For the past 17 years, the logistics world has awaited the release of the annual State of Logistics Report each June with great anticipation. The report, which essentially provides an accounting of the United States' total annual logistics bill, offers a detailed look at that bill's 12 line items as well. But for all the analysis and insights provided by the report's founder, Bob Delaney—and following his death, by his associate Rosalyn Wilson—what everybody really wanted to know was the latest total. How much was it? Did go up from last year, drop, remain the same?
We can tell you that now (the 2005 results were released in late June). But unfortunately, the news is not good. The upward trend that began in 2003 continued. The 2005 total logistics cost, $1.183 billion, represented a substantial increase over 2004's $1.027 billion and 2003's $947 million. Costs were higher in nearly every area measured.
In any event, $1,183 billion is the figure we'll be fixated on for the next 12 months. We'll see this number in hundreds of presentations and articles—so many times that we'll come to know it by heart.
But how many will remember the theme of the 2005 presentation? Hint: It was the same as the 2004 presentation's: security. In her address, Rosalyn Wilson emphasized the need to "embrace security as a core business function" in an effort to find a solution to overall security issues.
Though she has twice now sounded the alarm on security, from what I can see, very little of substance is being done about it. In the April issue ("Dubai or not Dubai?," page 27), we wrote about the political and media firestorm that erupted over Dubai Ports World's proposed purchase of P&O Steam Navigation, the operator of ports in New York/New Jersey, Philadelphia, Baltimore and New Orleans. It quickly escalated into the security crisis du jour, and there was a considerable amount of posturing about port security. At the same time these emotional debates were taking place, however, we only managed to inspect about 5 percent of the containers entering the United States.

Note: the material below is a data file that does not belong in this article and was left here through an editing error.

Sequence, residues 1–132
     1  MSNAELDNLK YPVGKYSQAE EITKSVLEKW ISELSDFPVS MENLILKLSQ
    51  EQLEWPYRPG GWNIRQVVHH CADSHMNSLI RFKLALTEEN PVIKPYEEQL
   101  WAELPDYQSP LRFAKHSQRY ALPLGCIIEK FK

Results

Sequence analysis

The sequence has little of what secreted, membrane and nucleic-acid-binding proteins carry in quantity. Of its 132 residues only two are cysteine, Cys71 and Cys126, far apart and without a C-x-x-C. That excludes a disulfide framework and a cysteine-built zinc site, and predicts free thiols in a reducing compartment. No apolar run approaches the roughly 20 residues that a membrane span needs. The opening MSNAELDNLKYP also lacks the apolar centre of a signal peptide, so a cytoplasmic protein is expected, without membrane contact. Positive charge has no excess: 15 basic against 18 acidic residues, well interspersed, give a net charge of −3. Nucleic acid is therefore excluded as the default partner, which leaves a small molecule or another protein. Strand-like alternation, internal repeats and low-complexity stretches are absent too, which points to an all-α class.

This year's State of Logistics Report estimates that 20 million containers are circulating worldwide, with approximately 7 million moving through U.S. ports each year. This suggests that somewhere on the order of 6.6 million containers are not being inspected. Now we're seeing the expansion of the so-called inland ports, to which containers are being hauled by rail directly from the port of entry. Upon arrival at these various inland cities, the containers are unloaded and the product goes into distribution centers or moves on to other destinations. Cities such as Dallas, Memphis, Kansas City and Chicago boast impressive intermodal facilities; and billions of dollars are currently earmarked for railroad and facility construction or expansion.
From a logistics perspective, this makes perfect sense, but from a security point of view, it only exacerbates an already serious problem. As a nation, we have concentrated on port security at the expense of rail security. Ironically, our neglect of the railroads has made them attractive targets. Aware of this, the carriers have installed their own protective measures, but is that enough? Can they, acting alone, afford to do everything that needs to be done? Probably not.
Personally, I detest the idea of government involvement in the supply chain; but in this instance, I believe it's time for Congress to tackle the issue head on. It is very easy to write about these problems; it is much harder to solve them. But they must be addressed. While it is important to protect ourselves from the enemy without, when it comes to the supply chain, the real threat is the enemy within.